Comfort, not keynote: Nadia Bolz-Weber speaks to General Synod about hope amid ‘fear, anxiety, worry and regret’
The Rev. Nadia Bolz-Weber began her keynote to the 34th General Synod of the United Church of Christ by saying she wasn’t giving a keynote at all.
Instead, she said, her speech was a “thinly veiled attempt to comfort myself.”
Bolz-Weber, a renowned Lutheran pastor and best-selling author, spoke to 2,000 Synod attendees Saturday, July 1 about the global anxiety levels of the last few years and where to find hope in the face of fears and regrets.
She started out by listing nine things that are currently “scaring the heck” out of her, including a society that seems to be fraying at the edges; the safety of her Black friends, gay son and young adult daughter; and the possibility that we have already lived through the most peaceful and prosperous period of history without realizing it, and that we can’t get it back.
“I don’t know about you,” she said to the crowded plenary hall, “but some days I have enough fear, anxiety, worry and regret to fill this whole room. And I have yet to find a vision statement or a church consultant or a five-year plan or a lifestyle change or a meditation app that is an effective remedy for fear, anxiety, worry and regret.
“But I have found parts of our Christian faith that bring the goods … and I really need to remind myself of those things right now,” she continued. “And so, this morning, I am preaching to myself, and I am allowing you to overhear it.”
Bolz-Weber went on to speak on those themes individually — fear and anxiety, worry, regret, and hope — and how scripture has addressed them.
Fear and anxiety
First up: fear and anxiety. Bolz-Weber talked about how institutions that she had never thought to doubt before – such as democracy — are starting to show cracks.
She talked about the temple in Jerusalem, where through the centuries various churches and temples and mosques replaced each other at that same site, with each religion seeing themselves as “king of the Holy Hill” favored by God. She compared how they must have felt when they were on top to how mainline Protestants felt in the 1960s, when churches were full.
But then, she asked, did each group feel that God had abandoned them when they were replaced by someone else?
“It is always tempting to say — when our lives are good — that it is because God is good,” she said. “But when the walls fall down, what are we left with?”
“Wars will happen, there will be destruction and famine, there will be pandemics and fake news, there will be the Left Behind series of books,” she went on. “There will be churches that close, there will be family trouble, there will be loneliness, there will be natural disaster …. Aal of this will happen; all of it is real.”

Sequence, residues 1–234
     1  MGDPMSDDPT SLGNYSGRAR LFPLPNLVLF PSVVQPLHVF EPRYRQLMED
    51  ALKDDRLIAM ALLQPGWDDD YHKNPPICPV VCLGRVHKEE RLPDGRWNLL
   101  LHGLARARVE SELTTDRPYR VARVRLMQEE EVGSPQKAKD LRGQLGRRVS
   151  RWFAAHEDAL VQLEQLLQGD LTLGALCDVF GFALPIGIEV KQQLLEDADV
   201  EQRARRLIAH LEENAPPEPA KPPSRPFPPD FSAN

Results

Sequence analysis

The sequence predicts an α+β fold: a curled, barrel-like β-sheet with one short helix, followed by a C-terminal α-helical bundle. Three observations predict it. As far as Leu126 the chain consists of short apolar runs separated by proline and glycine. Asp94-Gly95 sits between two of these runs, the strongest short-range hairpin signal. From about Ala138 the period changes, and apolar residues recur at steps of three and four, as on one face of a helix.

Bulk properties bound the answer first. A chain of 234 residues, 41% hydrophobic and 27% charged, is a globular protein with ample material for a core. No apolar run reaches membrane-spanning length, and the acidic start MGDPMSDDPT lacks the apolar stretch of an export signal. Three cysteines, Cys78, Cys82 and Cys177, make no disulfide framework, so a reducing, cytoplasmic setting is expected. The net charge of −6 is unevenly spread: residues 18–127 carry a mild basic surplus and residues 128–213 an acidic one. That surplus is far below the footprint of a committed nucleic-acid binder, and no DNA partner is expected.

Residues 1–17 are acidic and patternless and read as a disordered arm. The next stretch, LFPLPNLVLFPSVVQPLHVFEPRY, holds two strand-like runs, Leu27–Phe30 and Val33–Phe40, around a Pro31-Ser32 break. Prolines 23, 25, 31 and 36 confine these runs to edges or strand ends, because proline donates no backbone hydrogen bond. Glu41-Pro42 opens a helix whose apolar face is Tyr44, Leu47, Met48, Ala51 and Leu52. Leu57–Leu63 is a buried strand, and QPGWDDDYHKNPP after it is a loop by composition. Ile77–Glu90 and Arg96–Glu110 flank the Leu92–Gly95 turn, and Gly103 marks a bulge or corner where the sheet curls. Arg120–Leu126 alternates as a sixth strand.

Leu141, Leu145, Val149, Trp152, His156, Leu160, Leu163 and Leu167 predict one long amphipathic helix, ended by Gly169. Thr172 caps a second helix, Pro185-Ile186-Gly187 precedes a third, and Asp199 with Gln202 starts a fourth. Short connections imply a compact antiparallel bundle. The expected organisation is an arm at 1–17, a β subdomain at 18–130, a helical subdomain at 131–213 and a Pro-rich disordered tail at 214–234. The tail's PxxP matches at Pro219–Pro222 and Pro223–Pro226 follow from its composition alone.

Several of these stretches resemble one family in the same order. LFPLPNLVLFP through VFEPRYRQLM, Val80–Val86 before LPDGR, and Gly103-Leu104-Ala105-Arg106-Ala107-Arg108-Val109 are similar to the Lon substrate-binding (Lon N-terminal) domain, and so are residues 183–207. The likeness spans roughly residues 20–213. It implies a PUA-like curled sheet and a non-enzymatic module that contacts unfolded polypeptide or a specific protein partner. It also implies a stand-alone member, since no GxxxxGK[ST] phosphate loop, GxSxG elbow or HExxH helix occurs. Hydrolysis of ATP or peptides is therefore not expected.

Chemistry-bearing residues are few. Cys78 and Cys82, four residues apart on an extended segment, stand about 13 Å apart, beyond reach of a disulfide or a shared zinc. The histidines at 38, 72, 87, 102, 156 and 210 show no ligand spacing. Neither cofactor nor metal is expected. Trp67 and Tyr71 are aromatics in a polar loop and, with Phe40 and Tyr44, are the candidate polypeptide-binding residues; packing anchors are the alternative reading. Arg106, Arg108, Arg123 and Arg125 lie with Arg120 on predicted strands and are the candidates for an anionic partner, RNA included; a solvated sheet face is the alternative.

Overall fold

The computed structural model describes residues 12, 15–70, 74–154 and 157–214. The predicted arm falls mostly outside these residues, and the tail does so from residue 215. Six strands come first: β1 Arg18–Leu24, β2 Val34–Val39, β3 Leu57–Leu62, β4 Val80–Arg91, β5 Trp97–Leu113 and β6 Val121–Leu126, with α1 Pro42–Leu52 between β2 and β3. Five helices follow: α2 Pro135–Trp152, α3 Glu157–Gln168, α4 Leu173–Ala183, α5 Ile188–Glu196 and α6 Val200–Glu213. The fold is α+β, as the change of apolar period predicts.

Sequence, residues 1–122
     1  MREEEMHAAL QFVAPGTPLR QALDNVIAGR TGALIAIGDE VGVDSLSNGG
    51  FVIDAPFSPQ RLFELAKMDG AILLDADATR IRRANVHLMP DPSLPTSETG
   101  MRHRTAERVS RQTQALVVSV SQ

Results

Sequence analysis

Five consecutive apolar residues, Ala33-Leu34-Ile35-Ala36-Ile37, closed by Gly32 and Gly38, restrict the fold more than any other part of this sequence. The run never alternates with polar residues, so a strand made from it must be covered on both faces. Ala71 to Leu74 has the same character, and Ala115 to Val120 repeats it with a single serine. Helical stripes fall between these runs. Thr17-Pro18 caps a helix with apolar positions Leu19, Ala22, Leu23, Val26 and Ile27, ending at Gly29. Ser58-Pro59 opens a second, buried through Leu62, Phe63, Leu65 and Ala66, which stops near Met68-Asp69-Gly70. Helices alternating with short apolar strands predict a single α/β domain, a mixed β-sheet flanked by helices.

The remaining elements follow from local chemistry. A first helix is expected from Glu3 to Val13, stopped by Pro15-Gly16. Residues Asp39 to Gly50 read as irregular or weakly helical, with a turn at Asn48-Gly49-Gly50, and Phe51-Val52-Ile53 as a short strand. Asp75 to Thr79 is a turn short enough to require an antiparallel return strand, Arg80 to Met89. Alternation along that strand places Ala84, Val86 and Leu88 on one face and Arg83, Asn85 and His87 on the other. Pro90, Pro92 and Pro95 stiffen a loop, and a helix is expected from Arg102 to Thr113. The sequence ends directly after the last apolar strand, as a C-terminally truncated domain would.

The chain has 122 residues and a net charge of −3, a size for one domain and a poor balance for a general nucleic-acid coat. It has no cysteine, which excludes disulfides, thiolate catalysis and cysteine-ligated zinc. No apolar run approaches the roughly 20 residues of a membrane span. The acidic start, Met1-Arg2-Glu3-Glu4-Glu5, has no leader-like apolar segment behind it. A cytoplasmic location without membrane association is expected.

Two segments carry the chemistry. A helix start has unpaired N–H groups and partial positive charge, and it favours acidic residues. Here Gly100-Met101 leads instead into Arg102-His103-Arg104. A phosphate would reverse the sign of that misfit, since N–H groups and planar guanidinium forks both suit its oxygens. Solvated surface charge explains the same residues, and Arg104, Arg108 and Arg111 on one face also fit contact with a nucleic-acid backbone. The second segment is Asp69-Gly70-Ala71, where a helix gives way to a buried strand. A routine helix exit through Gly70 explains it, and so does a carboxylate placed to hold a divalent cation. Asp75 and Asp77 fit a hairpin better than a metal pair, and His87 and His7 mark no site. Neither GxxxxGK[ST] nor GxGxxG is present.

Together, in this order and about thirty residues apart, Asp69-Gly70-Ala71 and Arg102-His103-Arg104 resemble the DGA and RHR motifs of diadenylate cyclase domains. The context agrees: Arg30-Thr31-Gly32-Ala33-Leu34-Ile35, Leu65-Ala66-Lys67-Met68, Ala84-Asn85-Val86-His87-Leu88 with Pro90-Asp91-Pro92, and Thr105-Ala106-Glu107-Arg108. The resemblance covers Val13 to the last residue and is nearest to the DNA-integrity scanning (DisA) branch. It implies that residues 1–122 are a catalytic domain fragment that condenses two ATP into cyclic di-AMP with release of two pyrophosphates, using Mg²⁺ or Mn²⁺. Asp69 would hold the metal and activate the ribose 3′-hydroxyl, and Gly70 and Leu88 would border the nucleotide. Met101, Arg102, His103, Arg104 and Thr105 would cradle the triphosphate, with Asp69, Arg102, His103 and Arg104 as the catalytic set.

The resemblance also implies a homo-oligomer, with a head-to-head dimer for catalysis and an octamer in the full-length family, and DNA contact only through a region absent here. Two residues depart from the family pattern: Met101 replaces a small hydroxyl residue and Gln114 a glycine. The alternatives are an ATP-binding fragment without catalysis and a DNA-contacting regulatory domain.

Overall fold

And, she added, almost none of it is in our control, which is a “real affront to popular notions of wellness and so-called spirituality these days, when there is a million-dollar industry convincing us that we can manifest everything we want, that we can pray or positive-think our way into never getting a cancer diagnosis or never needing financial help.
“I get the appeal. Powerlessness is terrifying. But what about when the thing happens with our life, in our churches, in our society, that no amount of purpose-driven drivel could have ever prevented?”
That, she said, is when we need to listen to Jesus, who told us: “Do not be afraid.”
“Because these things may rock your world, but they cannot harm your soul,” she said.
Part two of Bolz-Weber’s address centered on regrets.
“Sometimes, I get stuck in tidepools of resentment toward myself and others. Stuck, swirling in an eddy of my own remorse. Caught in the shame of what I have done, what I have left undone, what has been done to me,” she said. “I have yet to see a single thing from a lifestyle influencer on Instagram who has freed me from it in the way that Jesus has.”
Bolz-Weber recounted going on a silent retreat and spending it filled with regret. Until, she said, 11 words came to her: “But what if you’ve already been forgiven of all of that?””
“I mean, the audacity of God,” she said. “My cheeks were streaming with tears before I was even aware I had started crying. The man Martin Luther once said it is not God but the devil who rummages through our garbage looking for our sins to rub our noses in it.”
Bolz-Weber said the world may send a message that our failings are inescapable and unforgivable, but that is simply not true.